Will ‘Mao Zedong’s militia’ be revived? Chinese companies establish military organizations one after another

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FT “Dairy products company establishes Ministry of People’s Armed Forces”
State-owned enterprises have been organized since last year.
Analysis of “internal solidarity through security amid economic recession”

In May last year, the People’s Armed Forces founding ceremony was held at Mengniu Group, China’s state-owned dairy enterprise. The People’s Armed Forces, a Korean reserve force concept, is even appearing in Chinese private companies. WeChat screen capture

Following Chinese state-owned enterprises, private companies are also creating their own military organizations with a similar concept to the Korean reserve force. Some analysts say that the revival of the militia, which flourished during the era of Mao Zedong, is an attempt by China, which is facing negative factors such as the real estate recession, to strengthen its internal solidarity over security issues.

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According to the British Financial Times (FT) on the 20th, Ili, China’s largest dairy company, established the People’s Armed Forces departments (PAFD), an in-house military-related department, in December last year. Since last year, at least 15 state-owned companies have created similar military organizations, but this is the first time a private company has created one. Members of the People’s Armed Forces are civilians who do not have formal military status, but they receive military training and are said to perform tasks such as maintaining social order depending on the situation.

The U.S. CNN broadcast evaluated, “Iri’s People’s Armed Forces are similar to the militia that existed during the reign of Mao Zedong, China’s first president.” At the time, the militia was made up of civilians and had a low-level organization even in rural areas, and was responsible for maintaining order. CNN reported that Mao expanded the organization for the purpose of suppressing those who opposed his policies and also used it for a cult of personality both inside and outside the party.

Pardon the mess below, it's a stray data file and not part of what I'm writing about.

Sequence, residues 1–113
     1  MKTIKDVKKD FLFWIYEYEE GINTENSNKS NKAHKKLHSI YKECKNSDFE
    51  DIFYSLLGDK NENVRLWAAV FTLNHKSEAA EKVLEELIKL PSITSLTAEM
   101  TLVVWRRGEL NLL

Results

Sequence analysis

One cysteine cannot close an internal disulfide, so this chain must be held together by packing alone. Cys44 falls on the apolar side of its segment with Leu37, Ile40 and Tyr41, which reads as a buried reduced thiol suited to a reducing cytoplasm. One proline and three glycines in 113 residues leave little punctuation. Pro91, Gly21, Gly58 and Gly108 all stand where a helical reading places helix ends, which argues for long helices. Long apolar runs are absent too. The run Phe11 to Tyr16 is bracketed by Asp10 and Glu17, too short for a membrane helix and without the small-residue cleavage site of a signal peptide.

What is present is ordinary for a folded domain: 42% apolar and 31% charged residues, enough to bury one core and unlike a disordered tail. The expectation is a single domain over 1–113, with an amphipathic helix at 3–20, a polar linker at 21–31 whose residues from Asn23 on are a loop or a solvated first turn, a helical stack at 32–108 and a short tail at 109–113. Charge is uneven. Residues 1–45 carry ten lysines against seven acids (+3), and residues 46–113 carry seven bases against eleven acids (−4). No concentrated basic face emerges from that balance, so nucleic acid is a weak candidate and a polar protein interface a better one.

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In the 1950s, these militias took over their functions from the People’s Armed Forces, a reserve force of the People’s Liberation Army. At one time, the number of members reached 200 million. Since then, Deng Xiaoping has emphasized the practicality of the country as a whole through reform and opening, and has maintained its presence only in local governments and some state-owned enterprises.

It is pointed out that the re-emergence of the People’s Armed Forces, which had lost its presence, is related to anxiety within Chinese society. The Chinese authorities feel that as the real estate recession that has followed the pandemic continues to prolong, they need to strengthen social discipline and at the same time respond in an all-round way to the possibility of overseas disputes.

Timothy Heath, a senior fellow at the Rand Institute, a US think tank, explained to the FT, “Chinese authorities may have felt that there should be a social organization to manage and coordinate in the event of a major national emergency.” Neil Thomas, a researcher at the Asia Society, also told CNN, “The Chinese Communist Party may have judged that a corporate militia commanded by the military would be more effective in suppressing social unrest, such as consumer complaints or employee strikes.”

Source: Donga

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